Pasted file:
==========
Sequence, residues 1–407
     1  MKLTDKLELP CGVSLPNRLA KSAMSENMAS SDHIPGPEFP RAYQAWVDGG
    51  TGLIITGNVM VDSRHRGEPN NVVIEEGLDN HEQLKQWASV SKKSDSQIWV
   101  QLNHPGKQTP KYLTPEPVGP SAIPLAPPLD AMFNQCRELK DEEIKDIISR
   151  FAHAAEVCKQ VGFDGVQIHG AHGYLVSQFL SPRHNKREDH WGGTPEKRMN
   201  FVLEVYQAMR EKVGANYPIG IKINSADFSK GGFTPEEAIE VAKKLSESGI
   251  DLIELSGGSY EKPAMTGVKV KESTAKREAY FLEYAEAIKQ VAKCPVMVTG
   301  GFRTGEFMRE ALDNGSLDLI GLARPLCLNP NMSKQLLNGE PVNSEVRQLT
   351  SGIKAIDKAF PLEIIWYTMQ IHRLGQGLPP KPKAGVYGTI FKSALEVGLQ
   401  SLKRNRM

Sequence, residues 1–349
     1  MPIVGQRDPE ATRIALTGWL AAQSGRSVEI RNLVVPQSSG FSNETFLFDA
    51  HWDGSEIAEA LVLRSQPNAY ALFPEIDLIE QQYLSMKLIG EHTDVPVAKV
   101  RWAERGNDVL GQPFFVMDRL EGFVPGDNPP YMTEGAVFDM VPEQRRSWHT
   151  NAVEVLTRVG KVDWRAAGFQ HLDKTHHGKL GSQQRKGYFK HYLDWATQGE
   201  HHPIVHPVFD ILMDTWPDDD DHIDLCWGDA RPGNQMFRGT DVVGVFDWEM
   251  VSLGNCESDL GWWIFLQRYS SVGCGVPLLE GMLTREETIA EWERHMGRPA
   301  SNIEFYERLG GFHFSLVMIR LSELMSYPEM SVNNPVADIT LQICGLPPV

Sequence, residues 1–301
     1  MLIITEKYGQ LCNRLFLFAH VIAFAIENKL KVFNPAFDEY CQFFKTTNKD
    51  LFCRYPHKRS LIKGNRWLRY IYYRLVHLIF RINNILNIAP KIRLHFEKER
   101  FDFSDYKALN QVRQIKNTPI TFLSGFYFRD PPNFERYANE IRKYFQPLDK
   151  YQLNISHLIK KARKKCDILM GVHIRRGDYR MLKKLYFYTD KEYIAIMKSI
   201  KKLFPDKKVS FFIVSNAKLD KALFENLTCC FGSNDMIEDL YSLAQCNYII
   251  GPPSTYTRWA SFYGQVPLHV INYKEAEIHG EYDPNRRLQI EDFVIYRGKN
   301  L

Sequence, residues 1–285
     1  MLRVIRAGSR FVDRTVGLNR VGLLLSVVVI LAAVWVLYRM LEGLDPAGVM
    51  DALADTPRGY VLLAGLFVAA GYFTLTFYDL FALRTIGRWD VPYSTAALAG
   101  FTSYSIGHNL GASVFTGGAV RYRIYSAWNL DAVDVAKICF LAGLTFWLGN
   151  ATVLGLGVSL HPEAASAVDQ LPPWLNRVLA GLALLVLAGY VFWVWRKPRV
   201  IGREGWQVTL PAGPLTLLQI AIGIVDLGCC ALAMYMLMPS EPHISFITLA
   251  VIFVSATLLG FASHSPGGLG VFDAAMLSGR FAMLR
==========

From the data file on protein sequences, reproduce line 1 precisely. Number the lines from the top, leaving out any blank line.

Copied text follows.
Sequence, residues 1–407